I think it’s true that when you first start to handle a plane you might feel more a bit like a juggling klutz than someone fully controlled and conversant with its idiosyncrasies to smooth and refine wood with. Jerks, jams, stammers and stutters usually trip up our intent on straightening, smoothing and squaring wood. So many things to think about, to engage with—what pressure where, what tilt, where to transfer from and to with regards to keeping things level. It’s more a modern day problem I think, there is no software or computer to correct the errors this thing is capable of developing: no delete button; no way to copy and paste the work of another to replace our own lack. This entry into realness displaces the invasion of the digitised and virtual world where instant results yet inside us have this desire to make wood straight and smooth and square and unmachined. I get it!
Planing is not easy at first but if you take project making out of the equation somehow the drive to get this or that element right can be removed from the equation. Add the project in and suddenly fear is introduced—fear of failure, fear of wasting wood, wasting time and effort and then too doubting ourselves develops to prevent us moving forward. There are times even now when I just do not get it right first time. I think it is also true that sometimes we set ourselves up to fail because we expect too much in the short term. Planing must be set up. It’s not for the lazy. By that I mean you cannot sit (and I do not mean people who are incapacitated by health, strength age or ability to stand and brace and use their legs, stomach or whatever), you cannot not sharpen and keep sharpening, you cannot be lethargic. Planing is total body, mine, emotion experience and demands that all of the 9 to 21 senses neurologists identify as part of several somatic senses, including that which gauges things such as pressure, heat discomfort in the form of pain. Additionally, what about the interoceptive senses that analyse and interpret information originating from within the body. Do we actually respond as we should or is this ability as yet undeveloped or underdeveloped. Think about it. If we have yet to have our bodies discover these influences over our work then our expectations are truly unrealistic. The chemistry in the brain, having never had the opportunity to work on our behalf through lack of experience, is still lying dormant. When we start working the plane we release that chemistry drop by drop to do its work in us and we begin to feel with different receptors and the experience can indeed be by degrees more euphoric than we might ever imagine.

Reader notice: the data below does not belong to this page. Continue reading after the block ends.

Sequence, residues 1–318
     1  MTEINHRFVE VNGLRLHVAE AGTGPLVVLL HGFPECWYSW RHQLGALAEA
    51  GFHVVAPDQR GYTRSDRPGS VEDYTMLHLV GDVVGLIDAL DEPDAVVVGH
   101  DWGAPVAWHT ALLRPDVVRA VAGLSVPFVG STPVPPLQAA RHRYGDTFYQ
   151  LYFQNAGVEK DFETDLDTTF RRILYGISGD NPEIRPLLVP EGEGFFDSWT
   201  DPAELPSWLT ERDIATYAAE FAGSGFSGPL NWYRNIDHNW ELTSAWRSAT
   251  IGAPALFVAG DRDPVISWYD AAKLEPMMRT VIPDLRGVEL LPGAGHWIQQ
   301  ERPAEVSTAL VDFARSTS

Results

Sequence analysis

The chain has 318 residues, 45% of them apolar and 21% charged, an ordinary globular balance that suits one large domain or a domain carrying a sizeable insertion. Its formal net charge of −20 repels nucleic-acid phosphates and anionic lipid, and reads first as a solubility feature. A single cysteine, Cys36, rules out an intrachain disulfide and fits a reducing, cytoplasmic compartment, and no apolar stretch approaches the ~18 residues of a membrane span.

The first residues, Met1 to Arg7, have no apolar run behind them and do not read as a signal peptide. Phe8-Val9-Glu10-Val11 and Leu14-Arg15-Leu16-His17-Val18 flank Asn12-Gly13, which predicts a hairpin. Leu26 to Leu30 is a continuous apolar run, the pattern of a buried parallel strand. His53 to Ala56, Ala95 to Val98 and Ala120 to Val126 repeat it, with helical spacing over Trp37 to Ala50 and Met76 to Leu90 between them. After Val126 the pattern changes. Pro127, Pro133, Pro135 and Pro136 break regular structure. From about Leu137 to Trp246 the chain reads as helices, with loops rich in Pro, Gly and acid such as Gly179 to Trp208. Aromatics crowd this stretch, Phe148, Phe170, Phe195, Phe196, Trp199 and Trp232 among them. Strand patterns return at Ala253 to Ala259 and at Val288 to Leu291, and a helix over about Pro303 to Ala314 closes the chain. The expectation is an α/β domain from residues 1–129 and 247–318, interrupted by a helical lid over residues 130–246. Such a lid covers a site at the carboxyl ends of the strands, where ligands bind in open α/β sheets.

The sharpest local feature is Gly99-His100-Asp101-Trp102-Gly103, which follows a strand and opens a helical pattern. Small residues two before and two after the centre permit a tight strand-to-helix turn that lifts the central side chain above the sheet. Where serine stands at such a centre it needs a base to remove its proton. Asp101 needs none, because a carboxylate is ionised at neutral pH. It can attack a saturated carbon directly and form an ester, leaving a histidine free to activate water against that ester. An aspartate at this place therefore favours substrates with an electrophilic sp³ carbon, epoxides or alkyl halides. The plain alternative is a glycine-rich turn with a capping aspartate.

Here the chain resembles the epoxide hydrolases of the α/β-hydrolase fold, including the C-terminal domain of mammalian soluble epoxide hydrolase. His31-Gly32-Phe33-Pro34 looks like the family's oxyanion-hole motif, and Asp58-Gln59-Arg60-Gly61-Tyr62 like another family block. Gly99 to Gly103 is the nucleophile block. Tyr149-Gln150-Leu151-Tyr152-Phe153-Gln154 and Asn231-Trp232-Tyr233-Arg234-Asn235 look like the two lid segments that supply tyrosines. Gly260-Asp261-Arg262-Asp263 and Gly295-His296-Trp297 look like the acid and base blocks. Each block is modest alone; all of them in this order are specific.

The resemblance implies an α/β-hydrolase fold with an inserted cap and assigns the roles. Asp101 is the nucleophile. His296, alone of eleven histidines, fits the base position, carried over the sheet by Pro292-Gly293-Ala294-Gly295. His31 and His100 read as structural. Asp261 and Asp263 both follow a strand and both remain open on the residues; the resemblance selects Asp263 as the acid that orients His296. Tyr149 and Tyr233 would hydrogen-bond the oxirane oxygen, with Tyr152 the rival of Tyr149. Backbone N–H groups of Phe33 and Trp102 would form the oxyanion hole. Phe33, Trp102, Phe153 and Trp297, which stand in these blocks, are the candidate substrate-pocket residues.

If interoceptive senses include our balance, where we sense our upper body’s positioning in alignment to task and such, then working actively with all of our body components working together to control a two handled piece of steel with a blade in it is not like lifting a sledge hammer to drive a stake. There is a dynamic working we may never have checked out before. Though macro-slamming with a sledge takes accurate alignment, finessing with a fine and narrow edge suspended between two handles at a precise angle becomes even more demanding because one slice at the wrong position can ruin the refinement we strive for. There is organic sensing within us even when we are working where we subconsciously discern what our internal conditioning provides to us that enables us to relate fully to our surrounding work; for instance smell and taste in relation to satiating thirst and hunger. Elements in the brain’s knowledge constantly make us subconsciously stimulated to make us aware of all the relative positions of the parts of our body. This proprioception comes into play as we work our bodies reliant on micro-adjustments we really know nothing of because they are deeply seated inside us and never ever discussed in normal circumstances. Some times individuals have limited access to this proprioception which can result in a general lack of coordination. Ever been in an unusual situation where you are doing something you never did before and you feel completely uncoordinated to the point where the mind seems unable to coordinate the particular task you have at hand? Even simple things like digging with a spade?